This modest announcement will provide short-term help to underfunded community groups but is nothing like the investment our natural world needs to halt Australia’s shocking extinction crisis.
The Morrison Government’s new grant program for local environmental restoration is a modest commitment that will help some underfunded community groups but does little to reverse the deep cuts made by the Coalition since 2013-14, the Australian Conservation Foundation (ACF) says.
“This modest announcement will provide short-term help to underfunded community groups but is nothing like the investment our natural world needs to halt Australia’s shocking extinction crisis,” said Basha Stasak, ACF’s Nature Campaign Manager.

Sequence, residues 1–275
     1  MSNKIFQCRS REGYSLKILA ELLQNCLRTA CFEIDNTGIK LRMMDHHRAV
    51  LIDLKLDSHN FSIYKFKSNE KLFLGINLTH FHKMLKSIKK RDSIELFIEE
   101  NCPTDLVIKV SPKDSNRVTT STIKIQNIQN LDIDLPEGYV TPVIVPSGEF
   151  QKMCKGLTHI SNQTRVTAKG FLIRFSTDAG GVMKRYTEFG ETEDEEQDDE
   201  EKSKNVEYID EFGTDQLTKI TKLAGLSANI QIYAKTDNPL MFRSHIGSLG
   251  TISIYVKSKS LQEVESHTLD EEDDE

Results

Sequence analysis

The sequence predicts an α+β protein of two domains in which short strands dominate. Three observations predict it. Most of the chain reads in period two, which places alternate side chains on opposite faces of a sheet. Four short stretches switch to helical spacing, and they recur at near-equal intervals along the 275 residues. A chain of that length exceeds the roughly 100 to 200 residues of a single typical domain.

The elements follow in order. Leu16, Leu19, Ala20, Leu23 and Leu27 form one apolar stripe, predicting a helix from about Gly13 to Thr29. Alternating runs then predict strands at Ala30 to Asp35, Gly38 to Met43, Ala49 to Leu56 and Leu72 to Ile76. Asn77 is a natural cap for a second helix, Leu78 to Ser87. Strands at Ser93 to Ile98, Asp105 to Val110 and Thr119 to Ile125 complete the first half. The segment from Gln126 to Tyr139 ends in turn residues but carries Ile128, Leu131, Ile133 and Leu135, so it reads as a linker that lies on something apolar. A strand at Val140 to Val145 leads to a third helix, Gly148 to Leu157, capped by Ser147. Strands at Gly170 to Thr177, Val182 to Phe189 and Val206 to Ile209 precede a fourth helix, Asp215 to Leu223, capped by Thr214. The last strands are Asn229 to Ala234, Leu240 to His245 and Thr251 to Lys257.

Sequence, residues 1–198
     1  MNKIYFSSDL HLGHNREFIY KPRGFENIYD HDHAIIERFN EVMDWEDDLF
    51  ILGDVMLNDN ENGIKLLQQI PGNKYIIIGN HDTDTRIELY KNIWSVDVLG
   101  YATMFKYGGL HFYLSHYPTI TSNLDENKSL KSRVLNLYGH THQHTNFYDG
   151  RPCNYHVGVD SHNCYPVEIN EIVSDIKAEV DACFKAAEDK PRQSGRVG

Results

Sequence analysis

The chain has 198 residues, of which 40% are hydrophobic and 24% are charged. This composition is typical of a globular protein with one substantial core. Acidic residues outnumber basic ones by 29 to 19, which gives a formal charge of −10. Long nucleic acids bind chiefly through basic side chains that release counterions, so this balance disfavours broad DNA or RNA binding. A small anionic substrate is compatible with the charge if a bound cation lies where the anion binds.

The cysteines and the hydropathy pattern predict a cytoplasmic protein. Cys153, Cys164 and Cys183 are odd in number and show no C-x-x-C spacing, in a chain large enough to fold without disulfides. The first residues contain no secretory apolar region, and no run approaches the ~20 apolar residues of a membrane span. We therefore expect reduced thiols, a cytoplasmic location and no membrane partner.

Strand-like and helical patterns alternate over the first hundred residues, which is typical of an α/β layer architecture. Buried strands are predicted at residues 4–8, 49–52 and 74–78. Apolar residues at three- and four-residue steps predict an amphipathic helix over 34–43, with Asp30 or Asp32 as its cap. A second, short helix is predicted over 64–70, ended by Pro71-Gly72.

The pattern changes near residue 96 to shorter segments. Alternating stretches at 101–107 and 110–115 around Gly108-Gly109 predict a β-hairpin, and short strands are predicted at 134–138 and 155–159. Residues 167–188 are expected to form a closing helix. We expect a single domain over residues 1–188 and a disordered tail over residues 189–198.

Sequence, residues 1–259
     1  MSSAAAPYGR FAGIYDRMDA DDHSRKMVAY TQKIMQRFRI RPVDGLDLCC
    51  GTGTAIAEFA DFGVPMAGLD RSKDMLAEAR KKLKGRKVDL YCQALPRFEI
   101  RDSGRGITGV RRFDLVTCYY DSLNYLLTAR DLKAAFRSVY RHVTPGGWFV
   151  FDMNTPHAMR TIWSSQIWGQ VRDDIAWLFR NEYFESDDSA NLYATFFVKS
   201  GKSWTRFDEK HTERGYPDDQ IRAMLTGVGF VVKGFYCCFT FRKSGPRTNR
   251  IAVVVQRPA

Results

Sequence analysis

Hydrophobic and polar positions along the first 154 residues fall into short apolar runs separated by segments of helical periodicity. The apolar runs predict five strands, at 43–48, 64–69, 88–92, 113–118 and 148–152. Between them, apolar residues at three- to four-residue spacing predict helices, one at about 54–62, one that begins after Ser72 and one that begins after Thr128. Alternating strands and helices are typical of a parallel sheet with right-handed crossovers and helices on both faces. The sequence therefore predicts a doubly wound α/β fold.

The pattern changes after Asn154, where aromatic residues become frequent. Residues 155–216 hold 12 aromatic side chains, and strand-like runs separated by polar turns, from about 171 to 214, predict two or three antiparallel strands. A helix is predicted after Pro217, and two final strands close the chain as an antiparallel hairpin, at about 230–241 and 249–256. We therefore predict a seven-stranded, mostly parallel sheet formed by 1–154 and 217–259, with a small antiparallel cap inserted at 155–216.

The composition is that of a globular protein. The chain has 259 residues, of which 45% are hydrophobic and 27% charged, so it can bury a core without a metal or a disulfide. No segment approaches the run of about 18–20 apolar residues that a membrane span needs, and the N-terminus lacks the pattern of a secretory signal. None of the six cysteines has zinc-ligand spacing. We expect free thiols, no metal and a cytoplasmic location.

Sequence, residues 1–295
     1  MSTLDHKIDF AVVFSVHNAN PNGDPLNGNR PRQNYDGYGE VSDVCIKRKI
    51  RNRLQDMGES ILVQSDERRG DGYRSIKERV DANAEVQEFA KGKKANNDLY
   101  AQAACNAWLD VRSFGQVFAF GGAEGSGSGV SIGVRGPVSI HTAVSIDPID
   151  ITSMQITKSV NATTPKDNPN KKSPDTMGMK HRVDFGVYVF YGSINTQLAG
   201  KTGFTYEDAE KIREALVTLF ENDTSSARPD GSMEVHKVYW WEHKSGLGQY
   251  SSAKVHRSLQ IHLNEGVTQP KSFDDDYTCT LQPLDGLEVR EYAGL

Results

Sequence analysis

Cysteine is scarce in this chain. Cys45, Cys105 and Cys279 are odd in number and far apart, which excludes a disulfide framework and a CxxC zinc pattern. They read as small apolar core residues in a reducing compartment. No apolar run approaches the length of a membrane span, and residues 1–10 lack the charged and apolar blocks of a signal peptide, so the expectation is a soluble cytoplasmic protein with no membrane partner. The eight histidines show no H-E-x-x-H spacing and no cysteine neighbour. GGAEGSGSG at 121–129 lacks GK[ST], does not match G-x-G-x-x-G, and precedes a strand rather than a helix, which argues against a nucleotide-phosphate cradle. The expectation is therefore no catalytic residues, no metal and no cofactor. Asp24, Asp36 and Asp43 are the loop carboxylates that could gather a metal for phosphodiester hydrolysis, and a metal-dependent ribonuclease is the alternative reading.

“There is no clear rationale for why this funding is allocated by electorate, instead of where environmental threats are greatest.
“Since the Coalition took office in Canberra in 2013 spending on on-ground conservation programs has been slashed by 43.6 per cent per cent. When compared to 2013 levels, conservation spending is forecast to fall by more than 60 per cent over the forward estimates.
“This represents a reckless devaluing of our natural world at a time when we need to strengthen it in the face of climate change, widespread habitat loss and other pressures.
“Australia has one of the world’s worst extinction records – just weeks ago another mammal, the Bramble Cay melomys, was formally declared as gone forever.”
ACF’s federal budget submission has identified that a $1 billion annual national environment fund is needed to stop extinction, expand our national reserve system, help landowners restore landscapes, and create larger urban canopies.
This should be coupled with stronger new national environment laws, an independent national Environment Protection Authority to enforce them, and a National Sustainability Commission to set binding standards.
“Ultimately we need a significant reinvestment in nature, not more pork barrelling,” she said.